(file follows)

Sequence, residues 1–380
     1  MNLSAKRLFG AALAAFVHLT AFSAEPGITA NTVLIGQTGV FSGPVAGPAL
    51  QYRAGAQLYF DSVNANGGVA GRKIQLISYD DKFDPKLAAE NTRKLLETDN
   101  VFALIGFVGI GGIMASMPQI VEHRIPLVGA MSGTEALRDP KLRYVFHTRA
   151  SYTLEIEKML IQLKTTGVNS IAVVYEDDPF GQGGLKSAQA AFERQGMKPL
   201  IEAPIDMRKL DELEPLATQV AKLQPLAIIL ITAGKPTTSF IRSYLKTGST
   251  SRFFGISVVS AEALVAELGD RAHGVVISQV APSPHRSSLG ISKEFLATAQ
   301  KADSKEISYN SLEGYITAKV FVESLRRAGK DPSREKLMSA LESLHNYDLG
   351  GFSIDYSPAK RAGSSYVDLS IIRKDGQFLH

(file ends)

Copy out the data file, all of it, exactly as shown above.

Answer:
Sequence, residues 1–380
     1  MNLSAKRLFG AALAAFVHLT AFSAEPGITA NTVLIGQTGV FSGPVAGPAL
    51  QYRAGAQLYF DSVNANGGVA GRKIQLISYD DKFDPKLAAE NTRKLLETDN
   101  VFALIGFVGI GGIMASMPQI VEHRIPLVGA MSGTEALRDP KLRYVFHTRA
   151  SYTLEIEKML IQLKTTGVNS IAVVYEDDPF GQGGLKSAQA AFERQGMKPL
   201  IEAPIDMRKL DELEPLATQV AKLQPLAIIL ITAGKPTTSF IRSYLKTGST
   251  SRFFGISVVS AEALVAELGD RAHGVVISQV APSPHRSSLG ISKEFLATAQ
   301  KADSKEISYN SLEGYITAKV FVESLRRAGK DPSREKLMSA LESLHNYDLG
   351  GFSIDYSPAK RAGSSYVDLS IIRKDGQFLH